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Thursday, January 10, 2013

Thinkin' 'bout drinkin'

I hate the picture* above. The first time I saw it was in the film Haze, which is available for viewing from our Alcohol Web page and is shown to new members of social organizations each spring. My thoughts run rapid fire: Where were her friends? How did she end up like this? Who took this picture? Who posted it? Who left her there? What did she think when she woke up? Was she sexually assaulted? Will she ever know?

Every so often, it is important to re-visit a favorite past-time of college students. It can't hurt. Many are consumed by "consuming" anyways, so it is best not to ignore it. Getting students to invest in their own success can be a challenge. Getting them to be safe and look out for one another - in the face of so much pressure is another matter all together.

Prohibition didn't work. We are not anti-alcohol at Trinity, if for no other reason than that. People love their alcohol, despite some pretty compelling information (and images) that says we would be better off without it. If we were to start from scratch, would we choose to have alcohol in our culture? Any reasonable person couldn't argue in favor of it. But that isn't the drink we have been poured. So moderation is the key. Stressing that message is about all we have going for us, and it is a challenge in a perceived work-hard/play-hard setting like college. But we live in a world with alcohol, so we need to deal with it.

A couple years ago there was a movement to change the drinking age from 21 to 18. I am still not sure why those are the only two options. I like a 19-age-limit as it gets most through high school and freshman year. Enforcing alcohol policies as dictated by law is really difficult. We try to focus on the behavior that is disruptive and that usually leads to staff finding alcohol. We don't look for alcohol as a beginning point. But you have to enforce policy or you send mixed messages.

At Trinity, the majority of our enforcement happens in the first year area, where disruption doesn't mix well with new students trying to navigate the challenges of academics and independence. In the upper-class area, with most aged 21, we leave it to our students to control their environment. The Sophomore College environment is somewhere in between. Off-campus is another matter. Parties at private residences pose huge risks and our students often feel their consequences on campus. (Think DUI, vehicle accidents, sexual assault, and hospitalization for alcohol poisoning - all of which happened this past fall.)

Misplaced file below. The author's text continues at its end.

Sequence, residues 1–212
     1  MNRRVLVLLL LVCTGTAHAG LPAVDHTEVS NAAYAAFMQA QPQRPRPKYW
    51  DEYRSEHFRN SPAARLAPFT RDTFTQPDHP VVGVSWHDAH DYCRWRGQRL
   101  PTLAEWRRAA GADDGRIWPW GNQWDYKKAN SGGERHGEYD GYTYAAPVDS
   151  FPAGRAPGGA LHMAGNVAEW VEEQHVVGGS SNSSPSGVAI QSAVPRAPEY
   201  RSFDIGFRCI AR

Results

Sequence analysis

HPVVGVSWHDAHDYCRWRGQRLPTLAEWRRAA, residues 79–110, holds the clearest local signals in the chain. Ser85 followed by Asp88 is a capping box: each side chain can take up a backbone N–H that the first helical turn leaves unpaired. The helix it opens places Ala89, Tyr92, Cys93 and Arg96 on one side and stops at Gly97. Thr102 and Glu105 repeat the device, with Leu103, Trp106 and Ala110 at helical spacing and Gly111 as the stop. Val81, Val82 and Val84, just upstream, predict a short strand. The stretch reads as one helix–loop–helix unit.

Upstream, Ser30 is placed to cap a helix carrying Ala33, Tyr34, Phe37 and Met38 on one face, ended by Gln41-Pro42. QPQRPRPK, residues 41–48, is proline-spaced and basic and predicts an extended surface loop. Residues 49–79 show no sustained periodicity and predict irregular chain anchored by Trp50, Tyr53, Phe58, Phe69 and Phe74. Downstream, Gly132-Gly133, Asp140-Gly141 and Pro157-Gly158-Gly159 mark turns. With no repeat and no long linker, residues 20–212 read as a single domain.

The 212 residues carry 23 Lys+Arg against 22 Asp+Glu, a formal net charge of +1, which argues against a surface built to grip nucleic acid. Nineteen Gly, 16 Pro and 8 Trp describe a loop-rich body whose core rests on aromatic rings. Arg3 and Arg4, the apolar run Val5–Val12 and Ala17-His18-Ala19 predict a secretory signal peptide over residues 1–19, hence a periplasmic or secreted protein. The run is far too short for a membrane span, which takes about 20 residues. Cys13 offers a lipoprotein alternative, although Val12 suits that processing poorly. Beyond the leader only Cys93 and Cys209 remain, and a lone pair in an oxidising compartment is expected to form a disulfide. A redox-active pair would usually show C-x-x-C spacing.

We educators need to always be thinking about drinking. Most alcohol awareness programs have been shown to be ineffective. So in addition to thinking, we need to educate one another, to talk about it, and to try to save people from themselves.

This spring the Trinity Alcohol Coalition will re-convene to review our philosophy related to alcohol (we acknowledge students drink, we care about safety, and we enforce policies). Email me at  if you want to be included!

*sorry this is offensive. But it is, isn't it?


Libby said...

Thank you for posting this.
Libby L. C.

Maria said...

While I understand your viewpoint, and I completely understand the need to be aware of alcohol abuse, I feel like there's something that's being overlooked here.

I'm a 21 year old, female Trinity student. I don't really go to parties, I don't like to get "wild and crazy" with my friends, but I do like to drink occasionally. And by that, I don't mean get so drunk that I don't remember things or that I'm falling down/bumping into people or making a fool out of myself.
As cliche as this might sound, I like to get "buzzed" - not drunk, and I think most of the people in my circle of friends feel the same way. We're not irresponsible about it, even when we do get more than a little buzzed. (Mostly because of seeing/hearing about other friends and students suffer the consequences of being irresponsible).

Many times when alcohol is discussed, I feel like people assume those in my age group only drink to excess. But that's not true, and I don't think it's fair to ignore those of us who are responsible drinkers.

I just ask that when the Trinity Alcohol Coalition is rethinking things, that they take students like myself into consideration. We're not all like the girl in the picture.

David Tuttle said...


Well put. In fact, I was going to include some statistics on this but got lazy. According to Dr. Reams, in Counseling, the About one third of our students don't drink. About 20% are fairly regular or heavy drinkers. The rest, presumably, are like you! This context is important to include. I like the Buzz word, pun intended. In fact, I added the Optimal Buzz link under "moderation," now, as I meant to include that as well. (Let me know if you want on the coalition!)

Anonymous said...

Parent of a current Trinity Student, will remain anonymous so as not to embarrass them.

Dear Maria:
Drink regularly and you will develop a tolerance for alcohol. "Getting Buzzed" will take gradually more alcohol. Eventually, if you don't control it very carefully, it will control you.

Strongly recommend finding healthier ways of getting to that buzz. Exercise, Yoga and meditation can get you to the same relaxed, happy, buzzed state. Though admittedly it takes more effort, it is worth it.

Best of luck and blessings.